Attorney General of South Carolina
|South Carolina Attorney General|
|Office website:||Official Link|
|2012-2013 FY Budget:||$22,031,154|
|Length of term:||4 years|
|Authority:||South Carolina Constitution, Article V, Section 24|
|Assumed office:||January 12, 2011|
|Next election:||November 6, 2018|
|Last election:||November 4, 2014|
|Other South Carolina Executive Offices|
|Governor • Lieutenant Governor • Secretary of State • Comptroller • Attorney General • Treasurer • Auditor • Adjutant General • Inspector General • Superintendent of Education • Agriculture Commissioner • Insurance Commissioner • Natural Resources Commissioner • Labor Commissioner • Public Service Commission|
- 1 Current officeholder
- 2 Authority
- 3 Qualifications
- 4 Elections
- 5 Vacancies
- 6 Duties
- 7 Divisions
- 8 State budget
- 9 Compensation
- 10 Historical officeholders
- 11 Notable events
- 12 Recent news
- 13 Contact Information
- 14 See also
- 15 External links
- 16 References
Article V, Section 24 of the state constitution established the attorney general as the South Carolina chief legal officer.
Article V, Section 24:
|... The Attorney General shall be the chief prosecuting officer of the State with authority to supervise the prosecution of all criminal cases in courts of record.|
Article VI, Section 1 of the South Carolina Constitution establishes the qualifications of the office:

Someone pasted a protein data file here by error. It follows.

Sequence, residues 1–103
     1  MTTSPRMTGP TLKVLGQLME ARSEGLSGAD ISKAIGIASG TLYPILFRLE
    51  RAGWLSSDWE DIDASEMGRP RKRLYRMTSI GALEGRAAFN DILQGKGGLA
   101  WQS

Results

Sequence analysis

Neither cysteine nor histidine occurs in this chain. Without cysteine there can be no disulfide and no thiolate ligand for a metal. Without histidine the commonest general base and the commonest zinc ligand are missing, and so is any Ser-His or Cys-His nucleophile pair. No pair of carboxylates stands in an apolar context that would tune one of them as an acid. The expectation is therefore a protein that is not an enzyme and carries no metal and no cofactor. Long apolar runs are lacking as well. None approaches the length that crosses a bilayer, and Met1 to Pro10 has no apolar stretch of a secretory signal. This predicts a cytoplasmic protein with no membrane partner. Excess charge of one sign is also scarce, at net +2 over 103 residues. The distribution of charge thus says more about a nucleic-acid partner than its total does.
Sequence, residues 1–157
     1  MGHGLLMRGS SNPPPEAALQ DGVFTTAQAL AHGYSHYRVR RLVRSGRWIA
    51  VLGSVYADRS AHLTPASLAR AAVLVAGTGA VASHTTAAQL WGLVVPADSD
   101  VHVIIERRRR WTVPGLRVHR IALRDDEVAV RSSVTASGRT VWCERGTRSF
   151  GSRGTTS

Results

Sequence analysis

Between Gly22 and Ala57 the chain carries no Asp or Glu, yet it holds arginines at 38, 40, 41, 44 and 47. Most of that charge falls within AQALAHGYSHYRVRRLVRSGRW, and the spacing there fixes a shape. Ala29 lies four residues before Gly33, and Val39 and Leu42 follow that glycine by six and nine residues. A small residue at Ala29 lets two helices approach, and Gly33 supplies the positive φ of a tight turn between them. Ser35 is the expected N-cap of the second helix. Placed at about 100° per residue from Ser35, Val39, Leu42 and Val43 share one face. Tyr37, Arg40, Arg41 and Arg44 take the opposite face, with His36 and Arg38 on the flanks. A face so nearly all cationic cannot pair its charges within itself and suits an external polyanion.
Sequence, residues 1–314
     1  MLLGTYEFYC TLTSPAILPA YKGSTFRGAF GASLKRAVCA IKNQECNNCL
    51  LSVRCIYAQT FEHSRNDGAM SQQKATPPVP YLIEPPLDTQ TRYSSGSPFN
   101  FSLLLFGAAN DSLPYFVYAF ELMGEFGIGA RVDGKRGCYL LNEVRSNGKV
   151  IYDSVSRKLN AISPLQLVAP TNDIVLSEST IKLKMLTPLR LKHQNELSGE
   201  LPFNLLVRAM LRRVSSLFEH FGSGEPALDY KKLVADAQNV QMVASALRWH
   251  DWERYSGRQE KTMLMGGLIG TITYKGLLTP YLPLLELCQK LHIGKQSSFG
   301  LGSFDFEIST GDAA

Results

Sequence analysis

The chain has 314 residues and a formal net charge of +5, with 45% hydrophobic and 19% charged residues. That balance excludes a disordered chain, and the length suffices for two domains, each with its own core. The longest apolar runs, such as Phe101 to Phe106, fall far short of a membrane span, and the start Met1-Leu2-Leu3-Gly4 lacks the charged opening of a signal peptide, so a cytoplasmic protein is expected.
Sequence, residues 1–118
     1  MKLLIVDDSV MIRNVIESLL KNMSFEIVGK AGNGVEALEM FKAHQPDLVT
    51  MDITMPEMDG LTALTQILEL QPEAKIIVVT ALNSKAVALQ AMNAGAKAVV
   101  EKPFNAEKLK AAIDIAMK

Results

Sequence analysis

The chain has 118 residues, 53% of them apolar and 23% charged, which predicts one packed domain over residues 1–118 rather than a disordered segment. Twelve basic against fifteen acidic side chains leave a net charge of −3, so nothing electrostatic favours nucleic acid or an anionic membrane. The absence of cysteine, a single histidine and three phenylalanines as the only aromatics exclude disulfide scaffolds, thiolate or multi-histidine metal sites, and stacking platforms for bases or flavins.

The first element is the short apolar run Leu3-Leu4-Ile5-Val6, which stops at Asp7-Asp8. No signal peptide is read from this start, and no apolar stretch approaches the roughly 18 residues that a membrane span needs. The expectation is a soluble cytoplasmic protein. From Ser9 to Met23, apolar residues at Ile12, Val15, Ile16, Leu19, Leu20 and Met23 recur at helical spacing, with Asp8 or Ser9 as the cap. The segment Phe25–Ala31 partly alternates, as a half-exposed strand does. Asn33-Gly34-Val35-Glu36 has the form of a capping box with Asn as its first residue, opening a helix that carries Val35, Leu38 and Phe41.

|No person may be popularly elected to and serve in any office in this State or its political subdivisions unless he possesses the qualifications of an elector, is not disqualified by age as prescribed in this Constitution, and has not been convicted of a felony under state or federal law or convicted of tampering with a voting machine, fraudulent registration or voting, bribery at elections, procuring or offering to procure votes by bribery, voting more than once at elections, impersonating a voter, or swearing falsely at elections/taking oath in another's name, or has not pled guilty or nolo contendere to these offenses. However, notwithstanding any other provision of this Constitution, this prohibition does not apply to a person who has been pardoned under state or federal law or to a person who files for public office fifteen years or more after the completion date of service of the sentence, including probation and parole time, nor shall any person, serving in office prior to the ratification of this provision, be required to vacate the office to which he is elected. No person may be elected or appointed to office in this State for life or during good behavior, but the terms of all officers must be for some specified period except officers in the militia.|
- possess the qualifications of an elector
- not disqualified by age as prescribed in the South Carolina Constitution
- not convicted of a felony under state or federal law
- not convicted of tampering with a voting machine, fraudulent registration or voting, bribery at elections, procuring or offering to procure votes by bribery, voting more than once at elections, impersonating a voter, or swearing falsely at elections/taking oath in another's name, or has not pled guilty or nolo contendere to these offenses
Article VI, Section 7 of the state constitution stipulates the attorney general will be elected every four years. The attorney general, like South Carolina's other executive officials, is elected in mid-term elections: 2018, 2022 and 2026.
- See also: State executives with term limits
South Carolina attorneys general are not subject to term limits.
|Attorney General of South Carolina, 2014|
|Republican||Alan Wilson Incumbent||60.3%||738,434|
|Election Results via South Carolina State Election Commission.|
To view the electoral history dating back to 2002 for the office of South Carolina Attorney General, Click [show] to expand the section.